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Worship at the Abbey

Sermon on the Abbey’s Dedication Festival: Sunday 18 October

18 October 2009 at 11:00 am

The Very Reverend Dr John Hall, Dean of Westminster

On Tuesday, we celebrated the feast of the Translation of St Edward the Confessor. We commemorated the removal of the saint’s remains in 1163 to a new shrine and again in 1269 to their present place behind the high altar. Today we remember in particular the dedication and consecration on that day in 1269 of the new church which King Henry III had built to honour the relics of St Edward, King and Confessor. We thank God for all his blessings to Church and State over the centuries through this great Church that Henry built. Today in particular we pray that the ministry and mission of Westminster Abbey in and for this nation and beyond may be richly blessed and directed by almighty God.

On Friday, the opening was celebrated of a new neighbour for the Abbey. The Queen and The Duke of Edinburgh visited the Supreme Court of the United Kingdom, which began work in the former Middlesex Guildhall this month, replacing the House of Lords as the highest court of the land. The Justices of the Supreme Court were joined by senior judges from all the jurisdictions of the United Kingdom and by chief justices from Commonwealth and European countries and from the United States.

The official programme included these words, “The new Supreme Court is situated in a highly symbolic location on Parliament Square, with the judiciary, the legislature, the executive and the established Church on the four sides.” The Lord Chancellor’s prepared speech elaborated the point, “Situated in Parliament Square – one of the most historic and recognisable public spaces in the world – the Supreme Court sits alongside other key British institutions – Houses of Parliament, Westminster Abbey and the Treasury, further emphasising the clear and physical separation of powers.” In fact Jack Straw improvised a little on the occasion, reordering the institutional list so as to refer last to Westminster Abbey, symbolising, as he said, God presiding over all.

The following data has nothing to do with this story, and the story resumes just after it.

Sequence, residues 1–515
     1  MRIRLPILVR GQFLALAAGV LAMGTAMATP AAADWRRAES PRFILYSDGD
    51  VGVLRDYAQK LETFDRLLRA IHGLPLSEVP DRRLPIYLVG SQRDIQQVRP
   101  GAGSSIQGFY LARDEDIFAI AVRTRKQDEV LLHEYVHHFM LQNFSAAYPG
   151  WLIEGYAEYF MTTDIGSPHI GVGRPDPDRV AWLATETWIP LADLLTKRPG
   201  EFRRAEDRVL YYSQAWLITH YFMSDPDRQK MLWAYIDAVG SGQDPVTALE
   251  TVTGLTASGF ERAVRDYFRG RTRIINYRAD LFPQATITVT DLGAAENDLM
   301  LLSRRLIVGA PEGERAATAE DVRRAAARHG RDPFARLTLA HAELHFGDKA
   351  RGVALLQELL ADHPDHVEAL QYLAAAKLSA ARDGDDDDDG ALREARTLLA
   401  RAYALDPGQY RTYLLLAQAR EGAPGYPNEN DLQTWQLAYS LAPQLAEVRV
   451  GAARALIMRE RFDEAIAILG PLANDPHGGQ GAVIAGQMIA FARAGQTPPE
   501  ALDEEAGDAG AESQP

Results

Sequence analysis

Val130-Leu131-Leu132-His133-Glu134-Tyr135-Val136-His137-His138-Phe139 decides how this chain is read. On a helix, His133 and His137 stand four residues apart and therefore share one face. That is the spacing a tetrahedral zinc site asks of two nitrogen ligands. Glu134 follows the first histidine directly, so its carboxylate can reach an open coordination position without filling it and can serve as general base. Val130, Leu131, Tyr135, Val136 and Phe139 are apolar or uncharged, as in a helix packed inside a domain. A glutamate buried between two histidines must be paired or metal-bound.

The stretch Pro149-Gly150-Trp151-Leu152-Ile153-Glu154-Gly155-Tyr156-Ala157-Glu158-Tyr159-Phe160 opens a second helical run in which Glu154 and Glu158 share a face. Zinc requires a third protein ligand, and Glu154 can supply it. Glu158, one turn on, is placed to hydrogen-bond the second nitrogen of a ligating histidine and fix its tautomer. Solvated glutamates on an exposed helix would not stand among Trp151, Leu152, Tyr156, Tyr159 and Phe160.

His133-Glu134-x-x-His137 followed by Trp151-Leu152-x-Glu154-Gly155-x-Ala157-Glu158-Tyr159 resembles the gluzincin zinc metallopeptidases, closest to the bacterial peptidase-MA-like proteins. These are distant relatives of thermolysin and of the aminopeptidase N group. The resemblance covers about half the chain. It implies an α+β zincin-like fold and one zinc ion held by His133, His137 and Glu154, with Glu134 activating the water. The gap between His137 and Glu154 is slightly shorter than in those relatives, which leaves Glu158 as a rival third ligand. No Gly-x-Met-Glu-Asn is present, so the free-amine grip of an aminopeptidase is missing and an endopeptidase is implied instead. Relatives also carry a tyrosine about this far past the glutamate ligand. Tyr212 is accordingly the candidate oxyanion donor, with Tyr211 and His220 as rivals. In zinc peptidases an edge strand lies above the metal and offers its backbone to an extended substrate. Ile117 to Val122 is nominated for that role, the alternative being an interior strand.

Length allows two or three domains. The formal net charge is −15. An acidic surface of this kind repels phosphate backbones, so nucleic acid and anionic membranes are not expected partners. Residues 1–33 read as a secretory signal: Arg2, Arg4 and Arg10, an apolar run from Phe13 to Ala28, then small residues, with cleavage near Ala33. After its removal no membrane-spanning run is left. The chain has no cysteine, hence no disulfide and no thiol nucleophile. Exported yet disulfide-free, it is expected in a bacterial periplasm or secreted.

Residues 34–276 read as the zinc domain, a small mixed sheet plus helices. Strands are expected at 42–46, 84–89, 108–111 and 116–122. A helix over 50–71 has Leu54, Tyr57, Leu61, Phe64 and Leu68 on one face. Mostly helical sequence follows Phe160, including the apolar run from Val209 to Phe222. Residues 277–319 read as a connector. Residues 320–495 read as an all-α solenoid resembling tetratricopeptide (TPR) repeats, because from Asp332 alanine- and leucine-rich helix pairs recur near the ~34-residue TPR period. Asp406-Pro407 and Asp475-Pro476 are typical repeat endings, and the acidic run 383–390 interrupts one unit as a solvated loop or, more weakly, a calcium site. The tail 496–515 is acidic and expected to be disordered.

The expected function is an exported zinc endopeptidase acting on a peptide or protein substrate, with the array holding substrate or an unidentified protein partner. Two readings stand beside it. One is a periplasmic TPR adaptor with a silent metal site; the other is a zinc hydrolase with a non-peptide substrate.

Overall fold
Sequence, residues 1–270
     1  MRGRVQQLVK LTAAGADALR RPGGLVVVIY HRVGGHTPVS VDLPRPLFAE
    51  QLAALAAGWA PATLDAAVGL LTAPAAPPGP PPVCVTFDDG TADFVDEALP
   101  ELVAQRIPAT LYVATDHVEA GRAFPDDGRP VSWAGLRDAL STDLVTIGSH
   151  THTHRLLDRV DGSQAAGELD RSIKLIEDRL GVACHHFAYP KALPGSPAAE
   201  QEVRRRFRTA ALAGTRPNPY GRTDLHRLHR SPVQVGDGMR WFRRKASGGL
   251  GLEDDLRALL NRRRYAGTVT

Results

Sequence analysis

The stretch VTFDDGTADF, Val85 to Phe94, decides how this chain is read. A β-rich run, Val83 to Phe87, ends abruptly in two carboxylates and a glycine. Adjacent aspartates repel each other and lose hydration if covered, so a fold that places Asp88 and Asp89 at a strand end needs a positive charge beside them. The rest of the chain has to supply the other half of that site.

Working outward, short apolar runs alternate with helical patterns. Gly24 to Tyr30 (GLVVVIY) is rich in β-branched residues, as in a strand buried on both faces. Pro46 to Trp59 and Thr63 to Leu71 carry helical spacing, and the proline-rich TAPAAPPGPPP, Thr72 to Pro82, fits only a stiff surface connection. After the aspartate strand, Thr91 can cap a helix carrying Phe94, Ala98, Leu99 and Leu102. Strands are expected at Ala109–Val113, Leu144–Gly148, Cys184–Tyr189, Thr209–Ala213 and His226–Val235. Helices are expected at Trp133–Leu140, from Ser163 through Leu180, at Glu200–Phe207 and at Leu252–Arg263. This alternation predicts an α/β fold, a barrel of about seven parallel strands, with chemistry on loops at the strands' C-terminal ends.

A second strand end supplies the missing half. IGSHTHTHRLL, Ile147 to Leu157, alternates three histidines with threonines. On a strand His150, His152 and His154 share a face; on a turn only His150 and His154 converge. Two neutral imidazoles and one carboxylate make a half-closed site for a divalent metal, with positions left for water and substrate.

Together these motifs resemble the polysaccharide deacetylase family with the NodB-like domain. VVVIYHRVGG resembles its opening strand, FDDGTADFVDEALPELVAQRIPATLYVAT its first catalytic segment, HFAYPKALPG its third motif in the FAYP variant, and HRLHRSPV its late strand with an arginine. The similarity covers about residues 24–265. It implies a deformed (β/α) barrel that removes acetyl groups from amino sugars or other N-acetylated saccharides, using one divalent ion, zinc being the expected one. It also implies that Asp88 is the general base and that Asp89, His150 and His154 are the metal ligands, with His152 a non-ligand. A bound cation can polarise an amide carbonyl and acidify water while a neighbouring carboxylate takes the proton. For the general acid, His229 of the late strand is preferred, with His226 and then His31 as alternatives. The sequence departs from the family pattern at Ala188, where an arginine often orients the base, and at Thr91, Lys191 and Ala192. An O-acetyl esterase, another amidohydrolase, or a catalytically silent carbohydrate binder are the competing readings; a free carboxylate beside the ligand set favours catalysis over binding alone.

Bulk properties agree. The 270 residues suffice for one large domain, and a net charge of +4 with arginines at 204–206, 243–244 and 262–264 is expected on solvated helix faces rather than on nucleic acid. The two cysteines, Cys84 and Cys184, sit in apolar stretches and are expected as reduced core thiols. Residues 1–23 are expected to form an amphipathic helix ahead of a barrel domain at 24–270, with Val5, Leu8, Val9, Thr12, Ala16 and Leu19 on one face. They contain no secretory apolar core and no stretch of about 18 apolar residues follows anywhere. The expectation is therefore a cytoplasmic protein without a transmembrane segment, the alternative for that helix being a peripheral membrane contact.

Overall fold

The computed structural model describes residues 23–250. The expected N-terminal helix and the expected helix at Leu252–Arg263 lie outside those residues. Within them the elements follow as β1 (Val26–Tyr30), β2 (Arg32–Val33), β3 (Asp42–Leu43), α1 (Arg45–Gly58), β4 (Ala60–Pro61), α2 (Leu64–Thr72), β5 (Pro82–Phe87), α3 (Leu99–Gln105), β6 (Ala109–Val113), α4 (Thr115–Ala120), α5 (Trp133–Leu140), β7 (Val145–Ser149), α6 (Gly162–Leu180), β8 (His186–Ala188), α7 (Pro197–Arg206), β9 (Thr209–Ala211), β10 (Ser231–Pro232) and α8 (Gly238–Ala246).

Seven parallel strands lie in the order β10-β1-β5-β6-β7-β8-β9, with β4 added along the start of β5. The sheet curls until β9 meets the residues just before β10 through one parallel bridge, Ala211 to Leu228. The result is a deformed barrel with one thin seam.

Something of this powerful symbolic importance attaches to all great church buildings. Here, in the centre of our national life, this church has particular significance. It offers us encouragement and challenge as we reflect today in the light of God’s word on the life and purpose of this Collegiate Church.

From the Old Testament we heard how King David made provision to build a temple in Jerusalem. He himself would not be able to build the temple, on account of God’s displeasure with him for his lapses in personal morality. Instead he would provide the necessary wealth and his son Solomon would build the temple. The particular point of the reading is that, in offering his wealth to God, for the sake of glorifying God’s name, David recognises that he could have nothing at all to offer without having first received everything he has from God’s hand. “For all things come from you, and of your own have we given you.” [I Chronicles 29: 14]

This church was built largely at the expense of kings. The 10th century Saxon church of St Dunstan was not on this scale. Edward, King and Confessor, in the 11th century, built the first great church here at his own expense, likewise King Henry III this church in the 13th century, with the 16th century Lady Chapel added by King Henry VII, very few years before the dissolution of the monastery. Like David and Solomon in the building of the temple in Jerusalem, these kings spent very large sums of money building this church. Why did they do it?  The motives of powerful men will inevitably be seen as complex. They saw the church, as Jack Straw said yesterday, symbolising the powerful blessing of almighty God on their rule. But, we must trust that, as with David and Solomon, their ultimate purpose in building was to give greater glory to almighty God. Ad maiorem Dei gloriam!